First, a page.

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The man of strictest virtue, is, in this state, lia. ble to adversity ; nor can we, from the calamities which a man suffers, conclude him to be a trans, gressor. But when calamities, by direct and natural steps, follow after manifest iniquity, we must view the former as the proper fruit and punishment of the latter.

Though rewards and punishments are not exacte ly and constantly dispensed here, yet there are ma. ny cases, in which they take place in a degree, to awaken men's attention to the different consequences of yirtue and vice, and to convince them that righteousness tends to life, and that he who pursues evil, pursues it to his death.

When they see the connexion between sin ang punishment here, they ought to extend their views to the world of retribution, where, on the children of disobedience, the wrath of God will come to the uttermost. He makes their sins, to fall upon them in this world, to remind them, that these sins, indulged unțil death, will find them out in the next, If there is a natural connexion between vice and misery, visible in many instances now, it is presymption and madness for the sinner to flatter him, self, that he can ever be secure from misery without renouncing his sins.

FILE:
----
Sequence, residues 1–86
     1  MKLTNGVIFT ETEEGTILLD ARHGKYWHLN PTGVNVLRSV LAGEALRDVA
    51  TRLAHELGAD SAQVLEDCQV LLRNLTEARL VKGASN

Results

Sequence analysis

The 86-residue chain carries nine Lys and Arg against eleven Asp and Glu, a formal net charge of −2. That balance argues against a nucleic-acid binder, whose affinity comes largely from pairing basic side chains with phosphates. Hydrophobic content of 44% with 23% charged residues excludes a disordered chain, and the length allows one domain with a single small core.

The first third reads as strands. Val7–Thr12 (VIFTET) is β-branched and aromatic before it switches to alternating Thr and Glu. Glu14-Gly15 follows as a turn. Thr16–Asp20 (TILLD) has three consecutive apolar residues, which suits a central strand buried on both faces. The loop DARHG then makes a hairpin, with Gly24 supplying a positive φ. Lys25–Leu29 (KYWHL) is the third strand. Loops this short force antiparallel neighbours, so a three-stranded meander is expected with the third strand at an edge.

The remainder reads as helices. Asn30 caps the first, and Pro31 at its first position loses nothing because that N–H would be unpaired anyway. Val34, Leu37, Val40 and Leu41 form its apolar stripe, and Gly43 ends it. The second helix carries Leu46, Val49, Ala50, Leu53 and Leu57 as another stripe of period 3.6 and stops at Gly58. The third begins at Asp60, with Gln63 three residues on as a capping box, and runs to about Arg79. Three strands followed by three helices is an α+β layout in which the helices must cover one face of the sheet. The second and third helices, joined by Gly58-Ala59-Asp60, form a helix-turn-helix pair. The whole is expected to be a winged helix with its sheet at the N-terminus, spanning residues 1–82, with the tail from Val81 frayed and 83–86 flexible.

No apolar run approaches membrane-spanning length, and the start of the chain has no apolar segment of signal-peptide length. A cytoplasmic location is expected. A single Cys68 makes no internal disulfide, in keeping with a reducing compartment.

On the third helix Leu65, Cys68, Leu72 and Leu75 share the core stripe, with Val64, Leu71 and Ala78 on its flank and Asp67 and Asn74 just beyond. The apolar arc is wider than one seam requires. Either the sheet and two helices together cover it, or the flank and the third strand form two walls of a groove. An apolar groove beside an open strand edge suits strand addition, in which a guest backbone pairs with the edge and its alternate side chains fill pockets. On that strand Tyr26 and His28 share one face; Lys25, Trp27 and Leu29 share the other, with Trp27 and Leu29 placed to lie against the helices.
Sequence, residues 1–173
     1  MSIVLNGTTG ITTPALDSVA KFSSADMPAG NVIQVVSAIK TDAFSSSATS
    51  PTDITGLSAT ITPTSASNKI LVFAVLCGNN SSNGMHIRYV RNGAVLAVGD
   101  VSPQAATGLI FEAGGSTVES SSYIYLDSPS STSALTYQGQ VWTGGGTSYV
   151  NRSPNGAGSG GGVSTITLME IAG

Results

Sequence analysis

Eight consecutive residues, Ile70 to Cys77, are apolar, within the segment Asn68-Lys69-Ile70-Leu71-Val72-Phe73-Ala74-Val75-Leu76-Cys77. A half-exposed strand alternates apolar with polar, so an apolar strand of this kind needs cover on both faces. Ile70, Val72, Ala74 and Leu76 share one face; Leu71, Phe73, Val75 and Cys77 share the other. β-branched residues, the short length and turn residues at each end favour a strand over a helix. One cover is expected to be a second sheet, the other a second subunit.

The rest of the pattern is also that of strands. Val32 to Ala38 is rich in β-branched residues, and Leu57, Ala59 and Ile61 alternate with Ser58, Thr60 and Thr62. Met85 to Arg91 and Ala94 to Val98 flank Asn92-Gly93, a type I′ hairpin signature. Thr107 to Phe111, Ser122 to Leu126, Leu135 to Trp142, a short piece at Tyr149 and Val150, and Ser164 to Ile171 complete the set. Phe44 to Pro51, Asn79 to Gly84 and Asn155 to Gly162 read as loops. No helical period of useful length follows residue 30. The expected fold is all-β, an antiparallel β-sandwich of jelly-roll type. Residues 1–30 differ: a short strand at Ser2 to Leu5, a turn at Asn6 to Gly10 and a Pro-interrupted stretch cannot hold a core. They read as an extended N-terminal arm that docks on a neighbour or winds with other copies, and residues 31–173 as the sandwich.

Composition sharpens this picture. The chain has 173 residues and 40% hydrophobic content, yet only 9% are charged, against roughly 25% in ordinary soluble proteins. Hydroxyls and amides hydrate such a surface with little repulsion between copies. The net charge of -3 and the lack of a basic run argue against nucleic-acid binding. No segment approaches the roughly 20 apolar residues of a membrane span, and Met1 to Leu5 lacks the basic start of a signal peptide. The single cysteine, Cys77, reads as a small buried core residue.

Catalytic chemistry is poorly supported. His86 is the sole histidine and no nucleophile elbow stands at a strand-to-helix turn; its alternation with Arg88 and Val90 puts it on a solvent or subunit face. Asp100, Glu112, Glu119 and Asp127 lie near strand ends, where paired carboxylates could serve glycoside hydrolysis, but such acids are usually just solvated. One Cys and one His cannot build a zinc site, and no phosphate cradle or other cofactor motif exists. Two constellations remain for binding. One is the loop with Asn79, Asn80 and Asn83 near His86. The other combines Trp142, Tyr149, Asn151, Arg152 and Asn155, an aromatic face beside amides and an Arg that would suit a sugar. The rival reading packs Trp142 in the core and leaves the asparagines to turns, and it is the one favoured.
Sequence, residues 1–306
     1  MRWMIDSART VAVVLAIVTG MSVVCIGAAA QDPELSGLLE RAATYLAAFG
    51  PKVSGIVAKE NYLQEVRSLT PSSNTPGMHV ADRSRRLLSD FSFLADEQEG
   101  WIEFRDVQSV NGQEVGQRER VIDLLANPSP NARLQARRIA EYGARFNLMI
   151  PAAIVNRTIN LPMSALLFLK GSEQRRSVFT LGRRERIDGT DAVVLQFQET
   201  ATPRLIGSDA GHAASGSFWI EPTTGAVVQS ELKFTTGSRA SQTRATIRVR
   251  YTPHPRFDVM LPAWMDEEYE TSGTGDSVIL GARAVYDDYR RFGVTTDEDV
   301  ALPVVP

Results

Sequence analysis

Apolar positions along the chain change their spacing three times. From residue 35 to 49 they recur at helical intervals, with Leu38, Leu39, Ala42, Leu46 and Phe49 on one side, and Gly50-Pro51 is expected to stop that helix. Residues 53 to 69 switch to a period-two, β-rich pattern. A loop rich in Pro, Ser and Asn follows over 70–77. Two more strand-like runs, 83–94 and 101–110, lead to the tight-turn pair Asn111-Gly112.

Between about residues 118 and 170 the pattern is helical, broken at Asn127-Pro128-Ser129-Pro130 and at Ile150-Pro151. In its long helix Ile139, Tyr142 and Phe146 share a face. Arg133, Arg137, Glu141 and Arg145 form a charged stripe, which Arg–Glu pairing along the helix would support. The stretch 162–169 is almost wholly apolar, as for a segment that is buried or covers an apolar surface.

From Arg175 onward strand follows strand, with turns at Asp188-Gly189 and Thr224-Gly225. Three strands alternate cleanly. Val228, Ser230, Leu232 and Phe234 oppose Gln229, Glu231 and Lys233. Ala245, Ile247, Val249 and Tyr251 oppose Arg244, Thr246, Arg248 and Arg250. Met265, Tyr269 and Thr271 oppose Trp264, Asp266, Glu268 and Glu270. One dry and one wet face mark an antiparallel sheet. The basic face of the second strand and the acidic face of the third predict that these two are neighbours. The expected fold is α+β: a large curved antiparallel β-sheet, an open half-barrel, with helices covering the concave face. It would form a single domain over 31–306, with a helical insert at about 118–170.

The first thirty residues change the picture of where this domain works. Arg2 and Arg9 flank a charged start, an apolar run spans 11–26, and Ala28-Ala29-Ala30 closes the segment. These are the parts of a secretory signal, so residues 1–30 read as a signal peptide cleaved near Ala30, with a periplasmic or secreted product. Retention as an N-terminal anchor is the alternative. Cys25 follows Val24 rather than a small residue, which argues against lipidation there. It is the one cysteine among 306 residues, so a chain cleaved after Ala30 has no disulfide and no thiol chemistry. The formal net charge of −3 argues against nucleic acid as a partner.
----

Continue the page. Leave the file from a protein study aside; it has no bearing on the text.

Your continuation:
It often proves a mercy to mankind, that vice is productive of present misery, because thus its progress is retarded, and, in some instances, transgress, ors are thus reclaimed. This seems to have been the case with our fallen hero. While he indulged, with profound security, the luxuries of life, he for, got the yow which should bave bound him to the strictest purity; and to what depth he might have fallen, if nothing had disturbed his guilty slumbers, we cannot tell. But awakened by the insulting alarm, The Philistines be upon thee ; and, after a fruitless effort, finding himself in their power, and his former strength departed ; experiencing the sad change from a hero to a slave, and the sudden transition from a seat of judgment to a dungeon, he be. gan, we may suppose, to reflect on the errours of his life, and especially on his late criminal conduct, which had produced so dismal a reverse ; and in his darksome solitude, exercised that deep repentance, which entitled him to the divine favour, and to the return of the supernatural gift which had forsaken him.